Declining mortality from stroke in Allegheny County, Pennsylvania. Trends in case fatality and severity of disease, 1971-1980.
Mortality rates for stroke in 1971, 1974, 1977, and 1980 were obtained for residents of Allegheny County in western Pennsylvania. Hospital case fatality ratios were also obtained in the same 4 years for those discharged with the diagnosis of stroke (ICD 430-438 of the Eighth and Ninth Revisions of the International Classification of Disease) in two large hospitals (greater than 400 beds). Age-adjusted mortality rates per 100,000 population have declined significantly in this period for the whole county as well as for the four sex-race groups. Case fatality ratio in the two hospitals of the study has decreased from 19.6 to 11%. A change in the severity of the disease manifested by a reduction in the number of comatose patients has occurred, and this reduction in comatose patients was responsible for greater than 80% of the decline in case fatality ratio. Coma appears to be the best predictor of mortality among hospitalized stroke cases (r = 0.6, p less than 0.00001). The recent introduction of computed tomography for the diagnosis of stroke in the late 1970s was accompanied by a twofold increase in the survivorship of stroke patients. However, this increase in survivorship may reflect selection bias and is based on ecological association. Further studies are needed to examine the role of computed tomography in improving survival.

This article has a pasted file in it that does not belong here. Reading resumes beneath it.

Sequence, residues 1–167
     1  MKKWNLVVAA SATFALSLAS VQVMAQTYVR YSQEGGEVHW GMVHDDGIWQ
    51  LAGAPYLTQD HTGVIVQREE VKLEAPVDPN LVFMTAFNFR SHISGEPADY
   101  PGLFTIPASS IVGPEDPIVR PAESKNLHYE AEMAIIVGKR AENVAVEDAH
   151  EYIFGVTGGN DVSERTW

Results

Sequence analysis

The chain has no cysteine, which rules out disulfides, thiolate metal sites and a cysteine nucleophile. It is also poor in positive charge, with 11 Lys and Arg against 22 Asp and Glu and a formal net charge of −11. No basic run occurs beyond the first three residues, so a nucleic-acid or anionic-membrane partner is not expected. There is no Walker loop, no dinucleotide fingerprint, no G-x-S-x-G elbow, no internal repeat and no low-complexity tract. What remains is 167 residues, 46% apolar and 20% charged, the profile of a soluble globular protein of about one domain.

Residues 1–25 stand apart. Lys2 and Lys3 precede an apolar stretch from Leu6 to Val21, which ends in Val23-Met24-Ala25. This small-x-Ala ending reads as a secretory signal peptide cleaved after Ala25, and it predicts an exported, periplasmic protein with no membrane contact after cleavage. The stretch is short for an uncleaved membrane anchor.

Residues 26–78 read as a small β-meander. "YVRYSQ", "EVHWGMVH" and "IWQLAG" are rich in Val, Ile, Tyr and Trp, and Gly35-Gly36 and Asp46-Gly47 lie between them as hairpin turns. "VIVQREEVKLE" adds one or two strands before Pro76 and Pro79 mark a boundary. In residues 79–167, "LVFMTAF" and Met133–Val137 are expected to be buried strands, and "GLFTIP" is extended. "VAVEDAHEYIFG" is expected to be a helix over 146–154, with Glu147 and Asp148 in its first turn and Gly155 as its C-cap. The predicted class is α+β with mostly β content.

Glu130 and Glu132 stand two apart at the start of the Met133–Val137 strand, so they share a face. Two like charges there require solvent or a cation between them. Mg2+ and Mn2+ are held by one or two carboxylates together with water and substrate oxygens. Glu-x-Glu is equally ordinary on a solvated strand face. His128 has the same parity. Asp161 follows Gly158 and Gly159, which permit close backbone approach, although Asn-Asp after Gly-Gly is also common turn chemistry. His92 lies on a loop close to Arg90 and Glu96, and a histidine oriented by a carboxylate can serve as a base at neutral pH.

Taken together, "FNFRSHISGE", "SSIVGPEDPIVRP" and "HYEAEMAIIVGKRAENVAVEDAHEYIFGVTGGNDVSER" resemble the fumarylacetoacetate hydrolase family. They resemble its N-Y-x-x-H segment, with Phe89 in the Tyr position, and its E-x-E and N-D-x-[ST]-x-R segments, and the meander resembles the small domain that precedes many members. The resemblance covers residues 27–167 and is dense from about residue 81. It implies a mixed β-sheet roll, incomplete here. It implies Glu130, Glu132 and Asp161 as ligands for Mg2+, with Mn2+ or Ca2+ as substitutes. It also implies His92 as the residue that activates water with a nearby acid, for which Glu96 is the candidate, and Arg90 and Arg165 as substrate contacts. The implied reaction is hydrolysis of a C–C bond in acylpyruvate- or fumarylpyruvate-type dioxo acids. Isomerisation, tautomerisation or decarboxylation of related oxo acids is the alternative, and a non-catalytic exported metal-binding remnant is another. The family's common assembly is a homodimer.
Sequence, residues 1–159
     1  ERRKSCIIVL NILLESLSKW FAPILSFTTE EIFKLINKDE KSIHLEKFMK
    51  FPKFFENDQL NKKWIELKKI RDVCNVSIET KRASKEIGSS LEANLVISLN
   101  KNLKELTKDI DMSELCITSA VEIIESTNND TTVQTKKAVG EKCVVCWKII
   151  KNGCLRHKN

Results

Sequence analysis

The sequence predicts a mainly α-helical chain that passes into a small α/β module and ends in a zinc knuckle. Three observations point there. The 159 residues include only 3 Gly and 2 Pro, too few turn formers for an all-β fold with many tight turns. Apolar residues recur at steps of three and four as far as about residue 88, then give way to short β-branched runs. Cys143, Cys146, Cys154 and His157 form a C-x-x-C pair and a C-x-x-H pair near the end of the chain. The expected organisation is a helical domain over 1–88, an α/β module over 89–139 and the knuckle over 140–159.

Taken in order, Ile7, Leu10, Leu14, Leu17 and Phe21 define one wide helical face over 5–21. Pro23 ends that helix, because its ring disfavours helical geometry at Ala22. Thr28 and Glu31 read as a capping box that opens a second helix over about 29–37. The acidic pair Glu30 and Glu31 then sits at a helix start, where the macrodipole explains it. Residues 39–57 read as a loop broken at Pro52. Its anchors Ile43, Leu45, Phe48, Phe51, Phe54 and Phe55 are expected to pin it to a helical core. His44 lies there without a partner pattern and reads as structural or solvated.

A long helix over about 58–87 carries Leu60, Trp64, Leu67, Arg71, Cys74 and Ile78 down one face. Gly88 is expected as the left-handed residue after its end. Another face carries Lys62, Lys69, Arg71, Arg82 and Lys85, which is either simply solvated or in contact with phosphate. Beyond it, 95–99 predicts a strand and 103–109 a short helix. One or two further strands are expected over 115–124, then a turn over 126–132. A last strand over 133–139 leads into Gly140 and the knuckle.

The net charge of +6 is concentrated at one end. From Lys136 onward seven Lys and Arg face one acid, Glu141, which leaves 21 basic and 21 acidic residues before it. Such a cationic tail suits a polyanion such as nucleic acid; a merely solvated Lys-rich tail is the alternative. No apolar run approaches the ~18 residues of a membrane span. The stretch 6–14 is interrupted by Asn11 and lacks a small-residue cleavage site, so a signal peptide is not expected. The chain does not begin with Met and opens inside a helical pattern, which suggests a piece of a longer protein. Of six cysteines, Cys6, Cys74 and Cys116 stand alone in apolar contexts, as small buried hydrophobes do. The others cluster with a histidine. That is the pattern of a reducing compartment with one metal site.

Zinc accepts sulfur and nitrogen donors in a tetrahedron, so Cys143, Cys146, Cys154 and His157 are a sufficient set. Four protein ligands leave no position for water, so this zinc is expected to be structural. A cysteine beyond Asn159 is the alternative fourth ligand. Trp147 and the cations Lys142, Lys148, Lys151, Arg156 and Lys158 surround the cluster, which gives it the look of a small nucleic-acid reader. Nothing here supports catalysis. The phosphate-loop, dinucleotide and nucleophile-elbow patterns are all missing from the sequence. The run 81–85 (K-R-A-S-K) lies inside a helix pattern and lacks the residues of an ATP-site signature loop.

- Copyright © 1988 by American Heart Association